Herbert John Yates (August 24, 1880 – February 3, 1966) was the founder and president of Republic Pictures, who had John Wayne, Gene Autry, and Roy Rogers in their pictures. Under Yates' leadership between 1935 and 1959, Republic made 956 feature films and 849 serial chapters, some of which are classics screened on television and released on DVD.
Yates was born in Brooklyn in 1880. He started his business career at an early age, building a newspaper sales business on the streets of Brooklyn. Later, he ascended rapidly through the ranks of the American Tobacco Company, retiring from that business with a sizable fortune before the age of 30.
In October 1929, his Consolidated Film Industries took control of ARC (American Record Corporation, a company created as a result of a merger between a number of dime store labels). In the following years, the company was very involved in a depressed market, buying failing labels at bargain prices to exploit their catalogue. (In December 1931 Warner Bros. leased Brunswick Records, Vocalion Records and associated companies to ARC.) In 1932, ARC was king of the 3 records for a dollar market, selling 6 million units, twice as much as RCA Victor. In an effort to get back on top, RCA created its Bluebird label. ARC bought out the Columbia Records catalogue in 1934. In the 1930s ARC produced Brunswick and Columbia at 75c and Oriole (for McCrory), Romeo (for Kress), Melotone, Vocalion, Banner, Conqueror (for Sears) and Perfect at 35c or 3 for $1.00.
In December 1938, the entire ARC complex was purchased from Consolidated Film for $700,000 by the Columbia Broadcasting System (CBS). After CBS brought back Columbia as their flagship label and they brought back the inactive OKeh to replace Vocalion, which allowed the rights to the Brunswick and Vocalion labels to return to Warner Bros. They sold the rights to those labels to Decca Records in the early 1940s (but in a complicated move, CBS managed to keep the rights of ARC material from 1931 through 1938.)
Yates formed Republic in 1935 by arranging for the merger of several smaller production companies with his Consolidated Film Industries, which was providing film processing and financing for many studios in Hollywood. Among the merged companies were Mascot Pictures, which brought the serial to Republic, and Monogram Pictures, which brought the Mack Sennett lot in Studio City. Under Yates' leadership, Republic first leased and then purchased the lot, expanding it from six stages to nineteen and adding state-of-the-art production facilities.
In 1934, Gene Autry had his first movie role in the Mascot production of In Old Santa Fe. Autry had been a recording artist under contract to Yates' American Record Corporation: he would go on to star in 56 movies for Republic between 1935 and 1947. In 1938, Yates created a second American icon by giving Roy Rogers his first starring role in Under Western Stars. Rogers filled in for Autry during the war and ended up making more than 80 movies under the Republic banner.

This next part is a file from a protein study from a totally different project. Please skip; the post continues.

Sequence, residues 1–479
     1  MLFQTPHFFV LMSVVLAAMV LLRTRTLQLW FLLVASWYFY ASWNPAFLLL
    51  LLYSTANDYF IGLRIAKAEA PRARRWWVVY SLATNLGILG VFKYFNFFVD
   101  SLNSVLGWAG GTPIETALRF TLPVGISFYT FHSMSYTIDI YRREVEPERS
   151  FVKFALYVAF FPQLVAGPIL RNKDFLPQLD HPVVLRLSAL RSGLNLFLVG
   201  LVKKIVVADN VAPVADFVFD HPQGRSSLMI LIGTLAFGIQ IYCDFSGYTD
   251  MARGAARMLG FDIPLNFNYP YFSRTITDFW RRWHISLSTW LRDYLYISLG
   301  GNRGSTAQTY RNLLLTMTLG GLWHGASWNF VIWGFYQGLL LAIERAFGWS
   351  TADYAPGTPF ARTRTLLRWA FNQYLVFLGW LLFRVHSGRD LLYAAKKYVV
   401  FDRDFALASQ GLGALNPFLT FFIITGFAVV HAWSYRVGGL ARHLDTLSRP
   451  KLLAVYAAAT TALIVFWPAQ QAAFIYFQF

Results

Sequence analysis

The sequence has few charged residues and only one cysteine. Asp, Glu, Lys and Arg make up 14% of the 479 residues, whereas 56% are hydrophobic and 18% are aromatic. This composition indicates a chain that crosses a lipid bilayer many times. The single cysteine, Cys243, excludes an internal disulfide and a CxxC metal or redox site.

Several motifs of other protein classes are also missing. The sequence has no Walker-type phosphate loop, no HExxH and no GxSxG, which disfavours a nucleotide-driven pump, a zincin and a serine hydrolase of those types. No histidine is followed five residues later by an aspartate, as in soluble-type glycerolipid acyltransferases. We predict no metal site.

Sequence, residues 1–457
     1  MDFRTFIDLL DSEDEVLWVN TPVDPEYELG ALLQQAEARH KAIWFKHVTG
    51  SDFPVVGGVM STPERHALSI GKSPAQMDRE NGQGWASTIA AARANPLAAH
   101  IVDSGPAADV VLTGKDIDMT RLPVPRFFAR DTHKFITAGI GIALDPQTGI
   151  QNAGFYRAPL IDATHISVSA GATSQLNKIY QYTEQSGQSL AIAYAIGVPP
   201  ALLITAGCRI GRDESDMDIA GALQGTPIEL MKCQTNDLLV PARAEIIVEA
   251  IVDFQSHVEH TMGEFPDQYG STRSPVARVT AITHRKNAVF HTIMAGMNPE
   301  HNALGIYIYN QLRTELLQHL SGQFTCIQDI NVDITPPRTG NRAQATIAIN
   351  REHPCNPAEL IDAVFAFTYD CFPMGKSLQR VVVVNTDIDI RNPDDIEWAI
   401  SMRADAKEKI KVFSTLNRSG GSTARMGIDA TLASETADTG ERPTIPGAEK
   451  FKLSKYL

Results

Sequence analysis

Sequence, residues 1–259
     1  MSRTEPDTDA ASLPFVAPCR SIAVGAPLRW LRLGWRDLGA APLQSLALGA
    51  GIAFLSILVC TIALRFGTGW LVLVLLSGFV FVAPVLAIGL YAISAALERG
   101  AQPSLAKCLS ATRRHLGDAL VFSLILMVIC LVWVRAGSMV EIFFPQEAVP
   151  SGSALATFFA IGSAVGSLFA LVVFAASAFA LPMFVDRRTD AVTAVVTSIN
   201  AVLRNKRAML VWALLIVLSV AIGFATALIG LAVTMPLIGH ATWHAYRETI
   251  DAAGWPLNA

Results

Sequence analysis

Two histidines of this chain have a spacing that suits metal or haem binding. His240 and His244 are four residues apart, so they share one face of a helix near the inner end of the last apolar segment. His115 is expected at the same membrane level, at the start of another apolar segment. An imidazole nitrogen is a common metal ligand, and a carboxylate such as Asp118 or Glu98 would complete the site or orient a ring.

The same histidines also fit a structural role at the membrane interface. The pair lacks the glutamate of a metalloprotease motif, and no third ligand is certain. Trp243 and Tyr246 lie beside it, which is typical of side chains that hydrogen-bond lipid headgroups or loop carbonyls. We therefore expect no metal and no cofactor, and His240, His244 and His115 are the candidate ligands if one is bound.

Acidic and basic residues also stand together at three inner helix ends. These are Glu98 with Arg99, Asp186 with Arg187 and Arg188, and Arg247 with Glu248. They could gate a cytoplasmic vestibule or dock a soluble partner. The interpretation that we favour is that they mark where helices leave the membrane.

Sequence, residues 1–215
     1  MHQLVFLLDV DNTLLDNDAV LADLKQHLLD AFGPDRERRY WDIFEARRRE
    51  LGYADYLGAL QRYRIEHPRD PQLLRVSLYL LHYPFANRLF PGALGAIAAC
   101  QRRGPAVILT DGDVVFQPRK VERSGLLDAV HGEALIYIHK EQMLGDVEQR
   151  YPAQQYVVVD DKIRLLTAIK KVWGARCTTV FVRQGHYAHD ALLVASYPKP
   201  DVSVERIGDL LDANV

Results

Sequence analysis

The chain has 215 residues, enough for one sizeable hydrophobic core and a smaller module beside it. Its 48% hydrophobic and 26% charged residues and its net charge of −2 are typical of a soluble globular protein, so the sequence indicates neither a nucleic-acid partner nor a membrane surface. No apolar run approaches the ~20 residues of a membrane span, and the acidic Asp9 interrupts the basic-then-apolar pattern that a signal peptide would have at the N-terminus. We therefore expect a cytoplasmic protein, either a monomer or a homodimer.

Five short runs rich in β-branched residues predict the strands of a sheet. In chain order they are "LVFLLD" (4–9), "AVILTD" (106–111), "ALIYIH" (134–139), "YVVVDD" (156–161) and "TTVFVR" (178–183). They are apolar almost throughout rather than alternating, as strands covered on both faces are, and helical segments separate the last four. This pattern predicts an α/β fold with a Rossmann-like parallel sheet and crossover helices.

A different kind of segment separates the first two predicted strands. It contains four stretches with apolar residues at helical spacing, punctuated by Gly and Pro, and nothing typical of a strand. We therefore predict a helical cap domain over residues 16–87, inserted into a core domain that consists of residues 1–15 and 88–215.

Republic's most acclaimed movie was The Quiet Man (1952), directed by John Ford and starring John Wayne and Maureen O'Hara. Ford had tried to make the Irish love story for years, but none of the studio heads would take a chance on it. Yates risked a budget of over a million dollars, making possible such extravagances as Technicolor and location filming in Ireland. It earned triple its cost, and earned Republic its only Academy Award nomination for Best Picture. Johnny Guitar (1954), directed by Nicholas Ray, with Joan Crawford in the lead, has become another well regarded Republic picture.
In 1948, Yates had left his wife, Petra, for the Czech figure skater Vera Hruba Ralston; the couple married in 1949. He and Vera's relatives were pushed out of Republic and the movie business in 1959, the same year Republic's board decided to switch emphasis from production to distribution. Yates died at his residence in Sherman Oaks in 1966.
The Republic lot survives today as CBS Studio Center. Notable among Yates' contributions to the lot are the Mabel Normand sound stage, built during the war and later home to The Mary Tyler Moore Show, and an award-winning music scoring auditorium that has hosted such famous names as Aaron Copland and Artur Rubinstein.